W3C home > Mailing lists > Public > w3c-wai-ig@w3.org > January to March 2013

longdesc requirements Re: alt tags for graphs

From: Charles McCathie Nevile <chaals@yandex-team.ru>
Date: Fri, 29 Mar 2013 17:13:29 +0100
To: "Frank M. Palinkas" <fmpalinkas@gmail.com>, "David Woolley" <forums@david-woolley.me.uk>, "Jonathan Avila" <jon.avila@ssbbartgroup.com>
Cc: "Mattingly, F Darrell" <darrell.mattingly@uky.edu>, "WAI Interest Group" <w3c-wai-ig@w3.org>, "Guettler, Karen M" <kmguet2@uky.edu>
Message-ID: <op.wupq8rzcy3oazb@chaals.local>
Hi Jonathan, all

On Fri, 29 Mar 2013 01:53:40 +0100, Jonathan Avila  
<jon.avila@ssbbartgroup.com> wrote:

> [Frank wrote] FYG about @longdesc:

> I posted to the WCAG HTML Accessibility Taskforce list my thoughts on  
> this

(do you have a pointer to that mail? I can't find it :( )

> – I’ll briefly restate them here.

I'll reply here. But since there is a suggestion here to change the spec,  
I'll also reply to your mail if I find it, or start a new thread on the  
topic, in the HTML-a11y task force (which is the group formally producing  
the spec).

> With the current proposal and previous requirements user agents were not
> and still are not required to expose longdesc to users or required to  
> make it keyboard accessible.  It’s indicated that “user agents” should
> make them keyboard accessible.

I'm not sure I understand. The requirements on user agents are:

User agents should make the link available to all users through the  
regular user interface.
User agents should expose the link to relevant APIs, especially  
accessibility-oriented APIs.
User agents should enable users to discover when images in a page contain  
a long description.

Are you simply proposing that the "should" reqiurements be strengthened to  
MUST? And that there should be a matching requirement to make them  
keyboard accessible?

I would certainly be happy if the the shoulds listed become musts. If you  
would like to raise a bug, please do, or I can do it if you prefer.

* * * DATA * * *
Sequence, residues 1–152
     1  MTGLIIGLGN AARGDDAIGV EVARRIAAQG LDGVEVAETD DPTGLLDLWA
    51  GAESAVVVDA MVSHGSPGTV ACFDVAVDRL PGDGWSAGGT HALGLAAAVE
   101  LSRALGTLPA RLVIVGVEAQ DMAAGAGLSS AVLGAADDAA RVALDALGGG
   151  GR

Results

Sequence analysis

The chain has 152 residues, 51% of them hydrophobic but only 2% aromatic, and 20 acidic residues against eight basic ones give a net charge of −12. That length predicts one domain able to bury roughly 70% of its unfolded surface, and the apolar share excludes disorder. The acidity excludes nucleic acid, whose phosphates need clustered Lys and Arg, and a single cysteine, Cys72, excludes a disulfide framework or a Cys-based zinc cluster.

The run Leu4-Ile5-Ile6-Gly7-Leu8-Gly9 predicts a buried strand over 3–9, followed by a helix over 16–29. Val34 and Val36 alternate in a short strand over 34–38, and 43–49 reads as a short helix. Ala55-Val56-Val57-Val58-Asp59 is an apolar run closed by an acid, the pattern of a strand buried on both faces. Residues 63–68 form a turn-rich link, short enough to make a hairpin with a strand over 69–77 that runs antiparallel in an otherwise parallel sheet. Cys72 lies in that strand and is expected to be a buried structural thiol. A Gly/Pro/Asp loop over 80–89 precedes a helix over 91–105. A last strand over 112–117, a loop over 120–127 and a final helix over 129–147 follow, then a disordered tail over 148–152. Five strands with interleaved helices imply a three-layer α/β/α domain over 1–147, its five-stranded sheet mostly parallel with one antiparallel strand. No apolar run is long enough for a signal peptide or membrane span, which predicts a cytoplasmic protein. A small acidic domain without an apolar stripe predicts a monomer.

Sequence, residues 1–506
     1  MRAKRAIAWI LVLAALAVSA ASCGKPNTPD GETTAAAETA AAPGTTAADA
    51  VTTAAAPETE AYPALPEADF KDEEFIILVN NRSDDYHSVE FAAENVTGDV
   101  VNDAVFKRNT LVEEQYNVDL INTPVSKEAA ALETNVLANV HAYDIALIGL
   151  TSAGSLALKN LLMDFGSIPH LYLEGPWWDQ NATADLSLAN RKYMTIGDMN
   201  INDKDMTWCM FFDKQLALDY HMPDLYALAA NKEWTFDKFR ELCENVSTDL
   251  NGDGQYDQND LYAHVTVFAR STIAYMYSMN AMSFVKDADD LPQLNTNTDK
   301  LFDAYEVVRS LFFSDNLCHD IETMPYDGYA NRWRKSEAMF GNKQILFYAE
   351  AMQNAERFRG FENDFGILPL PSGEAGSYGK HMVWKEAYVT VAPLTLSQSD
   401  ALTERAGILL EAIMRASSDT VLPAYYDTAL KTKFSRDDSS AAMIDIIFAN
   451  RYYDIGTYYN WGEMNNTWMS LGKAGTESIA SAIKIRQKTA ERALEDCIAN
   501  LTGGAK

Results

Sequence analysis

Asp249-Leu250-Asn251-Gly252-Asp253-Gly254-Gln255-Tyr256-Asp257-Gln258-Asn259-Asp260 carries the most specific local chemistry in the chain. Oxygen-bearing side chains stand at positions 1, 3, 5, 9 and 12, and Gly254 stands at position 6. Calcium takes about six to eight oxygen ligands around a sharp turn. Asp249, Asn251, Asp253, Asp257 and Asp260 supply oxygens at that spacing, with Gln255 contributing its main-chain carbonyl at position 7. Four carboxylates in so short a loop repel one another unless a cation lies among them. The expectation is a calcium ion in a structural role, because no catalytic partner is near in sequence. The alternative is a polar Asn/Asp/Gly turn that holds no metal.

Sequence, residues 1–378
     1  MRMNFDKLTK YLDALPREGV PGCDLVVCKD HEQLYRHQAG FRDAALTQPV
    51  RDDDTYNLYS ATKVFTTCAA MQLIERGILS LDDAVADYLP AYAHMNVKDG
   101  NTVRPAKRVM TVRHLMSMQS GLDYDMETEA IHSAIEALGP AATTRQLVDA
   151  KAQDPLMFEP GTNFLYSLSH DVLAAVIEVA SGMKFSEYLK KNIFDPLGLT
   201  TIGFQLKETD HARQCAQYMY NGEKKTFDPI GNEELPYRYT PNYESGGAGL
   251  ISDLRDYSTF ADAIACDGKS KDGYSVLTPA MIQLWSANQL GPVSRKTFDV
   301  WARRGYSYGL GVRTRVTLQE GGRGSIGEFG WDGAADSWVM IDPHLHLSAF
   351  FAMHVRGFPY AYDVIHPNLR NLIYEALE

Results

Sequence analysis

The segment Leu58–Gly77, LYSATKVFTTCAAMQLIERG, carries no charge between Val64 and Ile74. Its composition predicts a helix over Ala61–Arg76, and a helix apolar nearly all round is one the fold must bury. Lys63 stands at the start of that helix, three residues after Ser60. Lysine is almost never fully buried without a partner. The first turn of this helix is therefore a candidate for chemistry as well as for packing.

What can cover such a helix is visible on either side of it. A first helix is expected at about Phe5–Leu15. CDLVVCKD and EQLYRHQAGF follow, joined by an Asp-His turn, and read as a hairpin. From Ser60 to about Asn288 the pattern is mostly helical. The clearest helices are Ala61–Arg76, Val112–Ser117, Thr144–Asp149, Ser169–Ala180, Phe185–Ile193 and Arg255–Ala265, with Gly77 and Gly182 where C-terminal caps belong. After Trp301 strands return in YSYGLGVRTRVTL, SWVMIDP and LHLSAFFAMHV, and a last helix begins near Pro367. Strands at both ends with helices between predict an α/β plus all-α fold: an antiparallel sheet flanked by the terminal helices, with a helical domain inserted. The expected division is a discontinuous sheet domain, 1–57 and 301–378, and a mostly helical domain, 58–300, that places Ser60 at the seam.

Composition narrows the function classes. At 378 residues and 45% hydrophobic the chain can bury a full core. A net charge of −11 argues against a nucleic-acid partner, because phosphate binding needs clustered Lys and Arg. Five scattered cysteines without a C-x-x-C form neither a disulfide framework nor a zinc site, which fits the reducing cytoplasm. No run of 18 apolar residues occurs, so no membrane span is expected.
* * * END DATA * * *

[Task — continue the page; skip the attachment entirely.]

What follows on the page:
I don't think that the normative requirement to be keyboard-accessible  
belongs in this spec - it is a general accessibility requirement for User  
Agents that run on devices where keyboards can be used, so is in UAAG. I  
would propose instead adding an informative note and a reference, if you  
think it is necessary to make this particular point.

> This perpetuates the idea that alternatives are only needed for users who
> cannot see images or have images turned off.

It is certainly not my intention to perpetuate that idea, because I  
believe it is wrong.

> The HTML specification in fact indicates that alt shall NOT be
> display when images are displayed as it acts a replacement for images.   
> So it’s not surprising the longdesc would follow down this same path as
> alt.

It would surprise me, as the person who wrote the text of the longdesc  
spec. I would think the HTML spec is wrong to insist on that, and would  
not want to follow. But I just read  
http://www.w3.org/TR/html5/embedded-content-0.html#the-img-element (the  
Candidate Recommenation draft) all the way through, and as far as I can  
tell it doesn't have that requirement.

On a related note, I had an example in an early draft of a decorative  
image, with a null alt attribute, but which used longdesc to provide a  
detailed description for those who wanted it. This example was removed  
because a) it was not necessary and b) it was in conflict with WCAG  
techniques. Personally, I think the example is valid, and we should  
consider whether there is a real conflict with WCAG techniques, and if so  
which is actually correct.

> I have no problem with programmatically associating long description or
> long description links with an image but it MUST be available to all user
> groups without having to install special plug-ins or run assistive
> technology to access or make user agents display information that others
> can access without such requirements.

I agree that user agents that don't make longdesc available to all users  
all the time are not doing as well as they should. Putting requirements in  
specifications doesn't, by itself, change implementations. But I welcome  
input on strengthening the requirements...



Charles McCathie Nevile - Consultant (web standards) CTO Office, Yandex
       chaals@yandex-team.ru         Find more at http://yandex.com
Received on Friday, 29 March 2013 15:14:06 UTC

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